Consider all those international musical stars, so many of whom now come from the Far East, and seem capable of beating us at our own game. They have, in little more than a generation or two, learned our languages, and not least the language of music in the widest sense of the word. Yet the opposite has not proved to be the case. How many westerners claim to be familiar with and adept performers of oriental music or oriental languages?

There is an interesting facet to this: Some years ago I had a revealing conversation with a musician, who, like me, had been in the armed forces during the Second World War. He had been in the Intelligence Corps, his speciality being languages. Consequently he was sent on a crash-course in Japanese since we were short of capable interpreters to deal with the aftermath of the war in the Far East. He said that it became quite apparent that the orientals were better at learning English (and other European languages) than ever we could hope to become at learning their languages. Not only that, but there was a feeling that somehow the orientals preferred – generally speaking – to keep their own culture private, not relishing westerners prying into their language, whereas they did not in the least mind taking the trouble to infiltrate aspects of our culture; language, music, technology of every kind.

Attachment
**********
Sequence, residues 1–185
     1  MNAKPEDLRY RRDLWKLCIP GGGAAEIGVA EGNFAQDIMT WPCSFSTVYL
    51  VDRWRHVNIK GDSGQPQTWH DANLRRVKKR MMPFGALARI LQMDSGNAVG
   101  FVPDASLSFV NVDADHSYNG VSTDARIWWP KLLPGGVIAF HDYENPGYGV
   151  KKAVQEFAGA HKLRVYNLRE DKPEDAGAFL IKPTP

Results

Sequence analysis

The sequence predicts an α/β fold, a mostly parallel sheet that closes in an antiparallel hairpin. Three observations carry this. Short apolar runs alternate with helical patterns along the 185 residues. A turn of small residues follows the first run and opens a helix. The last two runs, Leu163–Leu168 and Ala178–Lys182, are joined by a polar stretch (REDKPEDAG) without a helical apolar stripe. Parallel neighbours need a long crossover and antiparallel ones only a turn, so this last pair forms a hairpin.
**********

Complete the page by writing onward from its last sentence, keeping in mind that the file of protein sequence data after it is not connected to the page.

This has become evident in just about every walk of life now: electronics, engineering, finance and economics, amongst which western music is just one facet of our culture that they have taken readily to themselves. So perhaps there is a conflict of ideals: the Palestinian academic who, rightly, brought to Barenboim’s notice the submerging of a middle-eastern tradition of musical language: melody, harmony, form, along with instrumental and vocal styles that express their own cultural personality. Against this is perhaps to be set not only the willingness of orientals to adopt western cultures, but their – apparent – preference that we should not invade their cultures but allow them to keep it private to themselves?

Arthur Butterworth